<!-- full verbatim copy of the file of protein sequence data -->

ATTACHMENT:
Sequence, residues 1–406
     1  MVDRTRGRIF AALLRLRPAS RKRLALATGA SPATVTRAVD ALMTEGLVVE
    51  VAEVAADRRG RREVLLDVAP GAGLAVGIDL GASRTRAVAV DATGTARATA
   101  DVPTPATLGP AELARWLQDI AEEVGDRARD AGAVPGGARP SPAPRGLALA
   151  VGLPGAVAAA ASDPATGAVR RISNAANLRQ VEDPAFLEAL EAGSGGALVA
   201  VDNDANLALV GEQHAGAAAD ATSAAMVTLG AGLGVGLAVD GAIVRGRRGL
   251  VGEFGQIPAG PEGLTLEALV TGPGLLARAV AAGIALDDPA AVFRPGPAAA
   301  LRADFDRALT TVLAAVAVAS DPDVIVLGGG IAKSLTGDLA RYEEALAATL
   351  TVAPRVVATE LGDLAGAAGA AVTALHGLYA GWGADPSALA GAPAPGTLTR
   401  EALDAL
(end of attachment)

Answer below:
Sequence, residues 1–406
     1  MVDRTRGRIF AALLRLRPAS RKRLALATGA SPATVTRAVD ALMTEGLVVE
    51  VAEVAADRRG RREVLLDVAP GAGLAVGIDL GASRTRAVAV DATGTARATA
   101  DVPTPATLGP AELARWLQDI AEEVGDRARD AGAVPGGARP SPAPRGLALA
   151  VGLPGAVAAA ASDPATGAVR RISNAANLRQ VEDPAFLEAL EAGSGGALVA
   201  VDNDANLALV GEQHAGAAAD ATSAAMVTLG AGLGVGLAVD GAIVRGRRGL
   251  VGEFGQIPAG PEGLTLEALV TGPGLLARAV AAGIALDDPA AVFRPGPAAA
   301  LRADFDRALT TVLAAVAVAS DPDVIVLGGG IAKSLTGDLA RYEEALAATL
   351  TVAPRVVATE LGDLAGAAGA AVTALHGLYA GWGADPSALA GAPAPGTLTR
   401  EALDAL